• Isolated unilateral tubular sclerosis-associated severe late-stage renal cystic disease in neonates

Severe, Late-Stage Renal Cystic Disease in Neonates Associated with Isolated Unilateral Tubular Sclerosis

  • Drug trial comparing systemic beta blocker with calcium-channel blocker in CHF

Open-label Comparison of Altenolol and Propranolol versus Nifedipine in Patients with CHF: Beta Blocker and Calcium-Channel Blocker Mechanisms

don t stack adjectives
Don’t Stack Adjectives
  • Female but not male serotonin reuptake transporter (5-HTT) model knockoutmice exhibit bladder instability: Implications

5-HTT female (not male) knockout mice have unstable bladders: Implications for Stress Urinary Incontinence Treatment

good titles sentences
Good Titles—Sentences
  • Intellectual impairments occur in children with blood lead concentrations above 10 mg per deciliter
  • Increased 17b-estradiol suppresses PTHrP gene expression in breast cancer cell lines
  • Spinal cord stimulation attenuates visceromotor reflexes in a rat model of post-inflammatory colonic hypersensitivity
  • Rhinovirus challenge decreases antioxidant enzymes in respiratory epithelial cells
not sentences but good titles
Not Sentences But Good Titles
  • Comparison of MRI and CT for Detection of Acute Intracerebral Hemorrhage
  • Extracranial Thrombotically Active Carotid Plaque as a Risk for Ischemic Stroke
  • Annual Revaccination Against Influenza and Mortality Risk in Community-Dwelling Elderly Persons
  • Effect of Antihypertensive Agents on Cardiovascular Events in Patients With Coronary Disease and Normal Blood Pressure. The CAMELOT Study: A Randomized Controlled Trial
the abstract27
The Abstract
  • 1st Impression to journal editor and the reader!
  • Follow the Journal’s Guidelines
  • Most abstracts are often too long: ≤250 words: Cannot upload your paper!
  • Structure it (outline it)

“The abstract is the single most important part of a manuscript, yet the most often poorly written” -JAMA Editor

the abstract28
The Abstract
  • First looked at by editors/sometimes only thing read by readers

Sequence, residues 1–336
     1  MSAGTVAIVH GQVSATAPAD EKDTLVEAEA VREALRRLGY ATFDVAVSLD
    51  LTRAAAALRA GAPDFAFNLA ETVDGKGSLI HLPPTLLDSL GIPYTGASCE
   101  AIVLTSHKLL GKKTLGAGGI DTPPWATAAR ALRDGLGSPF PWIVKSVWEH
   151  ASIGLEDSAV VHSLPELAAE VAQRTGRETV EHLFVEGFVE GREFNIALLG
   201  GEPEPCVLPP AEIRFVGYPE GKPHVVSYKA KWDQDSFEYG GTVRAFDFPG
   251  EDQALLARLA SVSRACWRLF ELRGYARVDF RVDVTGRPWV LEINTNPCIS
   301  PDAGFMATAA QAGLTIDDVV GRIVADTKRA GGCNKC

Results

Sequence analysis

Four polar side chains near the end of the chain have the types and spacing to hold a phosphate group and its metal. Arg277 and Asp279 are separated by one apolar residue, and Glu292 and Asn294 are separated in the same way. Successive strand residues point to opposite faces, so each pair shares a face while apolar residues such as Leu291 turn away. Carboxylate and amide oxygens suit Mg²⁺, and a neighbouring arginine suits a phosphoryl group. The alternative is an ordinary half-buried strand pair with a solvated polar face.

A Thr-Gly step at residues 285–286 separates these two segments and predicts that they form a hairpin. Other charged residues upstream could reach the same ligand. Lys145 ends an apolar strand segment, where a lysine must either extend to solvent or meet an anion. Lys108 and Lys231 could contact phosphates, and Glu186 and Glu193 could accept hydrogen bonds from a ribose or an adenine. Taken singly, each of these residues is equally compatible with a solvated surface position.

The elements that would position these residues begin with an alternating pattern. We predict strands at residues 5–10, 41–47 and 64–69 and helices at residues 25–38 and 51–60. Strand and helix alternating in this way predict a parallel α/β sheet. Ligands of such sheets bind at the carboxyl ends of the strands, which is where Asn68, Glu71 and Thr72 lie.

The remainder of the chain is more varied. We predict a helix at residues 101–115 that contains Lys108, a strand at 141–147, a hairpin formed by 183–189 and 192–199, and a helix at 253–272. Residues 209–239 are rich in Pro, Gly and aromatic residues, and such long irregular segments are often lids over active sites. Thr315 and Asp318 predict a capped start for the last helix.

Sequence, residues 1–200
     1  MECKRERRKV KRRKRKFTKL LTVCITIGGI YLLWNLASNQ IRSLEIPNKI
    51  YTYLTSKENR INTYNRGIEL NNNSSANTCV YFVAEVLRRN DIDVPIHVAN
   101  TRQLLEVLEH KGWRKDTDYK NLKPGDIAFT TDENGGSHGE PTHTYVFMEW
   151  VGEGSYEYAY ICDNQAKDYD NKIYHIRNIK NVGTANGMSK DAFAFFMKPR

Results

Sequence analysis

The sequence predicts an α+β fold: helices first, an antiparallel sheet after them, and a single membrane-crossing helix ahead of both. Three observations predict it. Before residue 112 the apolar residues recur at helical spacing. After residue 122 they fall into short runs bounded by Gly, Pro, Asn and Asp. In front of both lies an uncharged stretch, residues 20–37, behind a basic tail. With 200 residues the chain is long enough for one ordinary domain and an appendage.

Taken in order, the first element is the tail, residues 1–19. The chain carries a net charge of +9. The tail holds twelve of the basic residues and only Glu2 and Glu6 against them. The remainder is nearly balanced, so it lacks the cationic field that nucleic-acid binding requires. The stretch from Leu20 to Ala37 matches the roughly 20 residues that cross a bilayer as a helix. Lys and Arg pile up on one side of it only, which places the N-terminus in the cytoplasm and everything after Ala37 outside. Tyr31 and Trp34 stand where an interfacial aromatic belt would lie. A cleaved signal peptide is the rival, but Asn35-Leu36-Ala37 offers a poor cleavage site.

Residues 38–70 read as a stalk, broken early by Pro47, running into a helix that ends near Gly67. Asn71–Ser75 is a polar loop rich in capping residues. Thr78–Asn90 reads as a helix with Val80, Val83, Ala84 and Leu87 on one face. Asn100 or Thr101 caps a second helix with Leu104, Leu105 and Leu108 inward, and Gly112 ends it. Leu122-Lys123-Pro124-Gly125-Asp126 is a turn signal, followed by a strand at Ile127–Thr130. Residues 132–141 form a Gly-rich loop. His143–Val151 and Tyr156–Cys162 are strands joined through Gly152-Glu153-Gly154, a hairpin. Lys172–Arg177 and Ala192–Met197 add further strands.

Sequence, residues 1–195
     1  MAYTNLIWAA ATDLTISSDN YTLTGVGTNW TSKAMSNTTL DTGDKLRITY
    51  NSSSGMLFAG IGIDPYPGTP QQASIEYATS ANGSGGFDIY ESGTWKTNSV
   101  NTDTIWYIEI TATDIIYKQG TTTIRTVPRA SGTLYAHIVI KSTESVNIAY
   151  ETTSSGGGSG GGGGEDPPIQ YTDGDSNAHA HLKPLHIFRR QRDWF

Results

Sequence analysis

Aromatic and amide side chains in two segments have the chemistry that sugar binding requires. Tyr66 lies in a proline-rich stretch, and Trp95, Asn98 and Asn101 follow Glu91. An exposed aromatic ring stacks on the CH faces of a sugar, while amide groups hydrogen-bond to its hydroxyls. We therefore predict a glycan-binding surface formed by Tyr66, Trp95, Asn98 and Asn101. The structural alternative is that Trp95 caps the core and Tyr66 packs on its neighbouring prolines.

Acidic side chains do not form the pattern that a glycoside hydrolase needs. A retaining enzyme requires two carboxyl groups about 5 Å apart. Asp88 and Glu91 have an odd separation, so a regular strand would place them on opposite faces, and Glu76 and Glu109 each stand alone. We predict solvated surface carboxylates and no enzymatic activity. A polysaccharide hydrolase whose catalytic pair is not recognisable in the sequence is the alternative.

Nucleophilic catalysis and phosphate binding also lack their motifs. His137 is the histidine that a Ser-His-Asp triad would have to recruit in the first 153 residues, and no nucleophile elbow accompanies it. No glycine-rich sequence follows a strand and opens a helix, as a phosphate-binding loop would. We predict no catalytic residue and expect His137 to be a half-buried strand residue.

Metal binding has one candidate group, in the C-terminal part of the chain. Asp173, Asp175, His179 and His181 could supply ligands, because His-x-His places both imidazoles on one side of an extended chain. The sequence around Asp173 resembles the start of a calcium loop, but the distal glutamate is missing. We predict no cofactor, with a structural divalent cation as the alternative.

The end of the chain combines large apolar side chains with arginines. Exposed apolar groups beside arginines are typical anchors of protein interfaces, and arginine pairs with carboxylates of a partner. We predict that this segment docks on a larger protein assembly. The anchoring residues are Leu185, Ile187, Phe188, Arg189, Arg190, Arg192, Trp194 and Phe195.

• Sometimes only part available electronically—KEY words!
  • Summarizes the main points succinctly:
    • Background/Significance
    • Objective
    • Study design, method
    • Primary germane results
    • Principal conclusions, implications
  • Do NOT be vague—be substantive and brief
    • NOT “The implications are summarized”
    • INSTEAD Summarize the implications!
  • Emphasize methods, main results, and conclusion
  • Introduction/purpose: 1 short sentence
  • Put objective as imperative style:
    • Objective: To evaluate whether zinc supplementation during pregnancy affects infant birth measures.
  • Methods, Results: 2-4 sentences
  • Conclusion: 1-2 sentences
structured abstract
Structured Abstract

Context—Summarize the study rationale and provide clinical (or other) reason for the study question.

Objective—State the purpose or question asked. If more than one objective, state primary objective and key secondary objectives.

Design—Describe basic design, including relevant details.

Setting—General community, primary care, hospital, etc.

Patient or other population—describe demographics, disorders, inclusion/exclusion criteria, etc.

Interventions—name, dose, dosage

Main outcome measure(s)



the effect of zinc supplementation on pregnancy outcome
The Effect of Zinc Supplementation on Pregnancy Outcome

Objective—To evaluate whether zinc supplementation during pregnancy affects infant birth measures.

Design—Randomized, double-blind, placebo-controlled trial.

Setting—Outpatient clinic at University of Alabama at Birmingham.

Patients—580 healthy African-American pregnant women with plasma zinc levels below normal levels, randomized at 19 weeks’ gestational age and divided by median body mass of 26 kg/m2 into placebo and zinc supplement groups.

Intervention—Women receiving a non-zinc-containing prenatal vitamin tablet were randomized to 25 mg/day zinc or placebo.

Outcome Measures—Birth weight, gestational age at birth, head circumference at birth.

Results—Infants from zinc supplement group had greater birth weight (p<0.01) and head circumference (p=0.02) than those in placebo group. Women with body mass ≤ 26 kg/m2 had infants with significantly higher birth weights (median 245 g, p<0.001) and larger head circumference (median 0.7 cm, p=0.003).